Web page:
Be bold, Steve!
This is a long overdue move. Pat Rice was joined at Arsene Wenger’s hip as his assistant, an association that dates 16 years since the Frenchman joined the club. He has been part of Arsenal’s glorious past as well as its less stellar present. But it is clear that Arsenal need to reverse course with some new thinking especially when it comes to the defensive end.
There have been times this season when Arsenal’s defense stood out looking sharp and pre-emptive but as demonstrated against Norwich, Blackburn, Wigan, Swansea, QPR (take your pick) it has been more undisciplined and reactive. With such massive variations in performance there is no possibility of a default setting. But the statistic of 47 goals conceded stands out as another egregious example of a defense gone bad. Arsenal will not win any future Premierships if this continues.
At the heart, Arsenal rely on a centre back pair in Thomas Vermaelen and Laurent Koscielny who show the requisite skills individually but in conjunction seem to be at odds. Vermaelen in particular with his attacking instincts gets caught out of position frequently and his method then to tackle his way out of that jam are sometimes subject to a referee’s worst interpretation. Per Mertesacker suffers from no illusion going forward but he is about a step slower for the pace of the Premiership. Johan Djourou waxes and wanes in his performances and he and Vermaelen get shunted around depending on injuries and the exigencies of a team involved in multiple competitions.
Bacary Sagna is still one of the best right backs in the business but he faces a long off season re-fracturing his right leg. At left back Kieran Gibbs and Andre Santos have shown they don’t fear going forward but the problem lies in their more porous ability to stop counter attacks. With Arsenal’s midfield looking less incisive and assured in possession, Alexander Song has thrust himself into the role of creative spark with more pronounced forays into the top third. Unfortunately, Song has shown to be more remiss in controlling the backfield in the absence of Mikel Arteta or an off day from the former Evertonian.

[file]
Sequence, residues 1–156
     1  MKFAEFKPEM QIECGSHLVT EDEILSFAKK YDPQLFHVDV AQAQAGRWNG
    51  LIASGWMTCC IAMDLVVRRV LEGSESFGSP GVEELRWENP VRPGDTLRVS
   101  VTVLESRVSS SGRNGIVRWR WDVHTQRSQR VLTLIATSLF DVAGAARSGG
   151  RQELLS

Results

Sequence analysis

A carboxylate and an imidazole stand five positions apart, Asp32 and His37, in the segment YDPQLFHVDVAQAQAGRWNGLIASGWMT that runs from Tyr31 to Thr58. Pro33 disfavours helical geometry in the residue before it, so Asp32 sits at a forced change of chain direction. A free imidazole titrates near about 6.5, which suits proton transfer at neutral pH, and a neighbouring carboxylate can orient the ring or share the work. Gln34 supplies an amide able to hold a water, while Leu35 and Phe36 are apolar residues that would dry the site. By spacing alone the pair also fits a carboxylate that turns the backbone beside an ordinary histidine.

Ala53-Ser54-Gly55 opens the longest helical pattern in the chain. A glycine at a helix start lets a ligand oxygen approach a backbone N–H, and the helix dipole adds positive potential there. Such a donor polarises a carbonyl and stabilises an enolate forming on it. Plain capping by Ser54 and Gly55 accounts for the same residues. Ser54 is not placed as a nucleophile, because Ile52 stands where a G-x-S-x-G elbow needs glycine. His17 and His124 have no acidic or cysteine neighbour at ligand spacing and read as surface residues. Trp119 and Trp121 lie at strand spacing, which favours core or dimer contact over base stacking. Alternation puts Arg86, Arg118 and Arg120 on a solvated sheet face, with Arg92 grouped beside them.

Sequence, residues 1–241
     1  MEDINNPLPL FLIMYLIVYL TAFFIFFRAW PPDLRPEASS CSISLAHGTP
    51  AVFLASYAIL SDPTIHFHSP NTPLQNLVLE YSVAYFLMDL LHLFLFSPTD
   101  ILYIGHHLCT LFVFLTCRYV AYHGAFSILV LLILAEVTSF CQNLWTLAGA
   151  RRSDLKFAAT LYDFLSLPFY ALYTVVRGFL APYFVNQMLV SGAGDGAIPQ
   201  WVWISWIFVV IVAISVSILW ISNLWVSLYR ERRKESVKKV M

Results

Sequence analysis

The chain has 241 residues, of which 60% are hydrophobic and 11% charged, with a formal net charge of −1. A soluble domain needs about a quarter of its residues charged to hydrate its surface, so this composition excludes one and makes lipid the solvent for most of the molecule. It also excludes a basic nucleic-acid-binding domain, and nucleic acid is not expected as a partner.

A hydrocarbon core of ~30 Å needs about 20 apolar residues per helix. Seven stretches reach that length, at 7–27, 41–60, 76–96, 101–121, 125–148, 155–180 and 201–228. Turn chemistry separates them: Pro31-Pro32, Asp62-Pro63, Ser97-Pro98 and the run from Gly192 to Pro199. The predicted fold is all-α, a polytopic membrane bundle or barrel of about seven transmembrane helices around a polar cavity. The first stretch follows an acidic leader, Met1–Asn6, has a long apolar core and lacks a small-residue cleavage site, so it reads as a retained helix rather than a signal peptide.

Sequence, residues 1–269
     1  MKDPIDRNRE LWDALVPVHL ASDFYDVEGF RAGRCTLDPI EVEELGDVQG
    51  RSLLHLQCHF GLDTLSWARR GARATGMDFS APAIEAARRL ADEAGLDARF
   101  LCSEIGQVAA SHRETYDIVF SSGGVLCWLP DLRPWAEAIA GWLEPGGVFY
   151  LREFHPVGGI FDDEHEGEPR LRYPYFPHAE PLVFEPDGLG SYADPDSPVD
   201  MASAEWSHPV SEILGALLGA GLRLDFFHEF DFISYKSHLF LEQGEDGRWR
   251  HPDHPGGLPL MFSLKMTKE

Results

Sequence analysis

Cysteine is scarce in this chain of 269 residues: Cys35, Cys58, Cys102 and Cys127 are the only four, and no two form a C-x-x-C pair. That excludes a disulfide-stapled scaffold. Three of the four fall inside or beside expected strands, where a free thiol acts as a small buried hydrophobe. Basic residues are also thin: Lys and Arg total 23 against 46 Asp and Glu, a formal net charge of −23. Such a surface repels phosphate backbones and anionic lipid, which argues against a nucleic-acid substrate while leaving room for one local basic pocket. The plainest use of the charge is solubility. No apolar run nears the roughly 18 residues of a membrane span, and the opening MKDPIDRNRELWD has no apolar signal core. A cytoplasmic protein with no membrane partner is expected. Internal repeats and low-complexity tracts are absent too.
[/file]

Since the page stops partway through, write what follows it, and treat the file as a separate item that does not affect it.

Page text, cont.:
Last year it was set pieces that deflated Arsenal’s season. This year they have considerably improved in that department but a soft midfield highlighted Arsenal’s Achilles heel against strong counterattacking teams that break in numbers. When you play such a high line and compress the field you’re playing percentages. There has to be a corresponding recognition that it takes inches to be onside. Maintaining a defensive shape and being disciplined is key to dealing when losing possession which has plagued the Gunners more so than any past season (the passing accuracy has been the lowest in years). The sight of so many sides floating a long ball down the centre or quickly snapping to the flanks to surge upfield while Arsenal gather their defensive wits has become all too familiar.
These are some of the vexing issues that Steve Bould faces in his role as Wenger’s new assistant. However the biggest challenge he faces are two fold.
One, chart a course to bring back the philosophy that defense can be used to subjugate and win matches. This is nothing new to Wenger. It was the way Arsenal became ascendant in the late 90s for about six years. The 2004 Invincibles share a stunning resemblance to this year’s unbeaten Juventus side. Plenty of creative wheels but more so an intimidating, forceful back line that buckled the knees of the opposition with each tackle. Teams were afraid of playing Arsenal. After 2005, defense fell of Wenger’s radar and it coincides with Arsenal’s dip in fortunes.
Two, to get Wenger to invest in defenders who make that transition possible. This is easier said then done with a manager as stubborn, thrifty, and micro-managing as Wenger. But Bould also has the luxury of hindsight having seen the after effects of seven years of short termism. The Arsenal manager’s choices in this critical area have been scattershot, built on expediency, and the economic bottom line. Bould cannot afford to be a rubber stamp in Wenger’s budgeting and has to be a forceful and independent minded advocate of bringing backfield quality to the Emirates. Pat Rice was hired more for his ease working with Wenger and not for any fresh insights or activism. Bould along with Tony Adams, Nigel Winterburn, Lee Dixon were part of the famous four that brought Wenger his first success in the Premiership. It was a template for future success.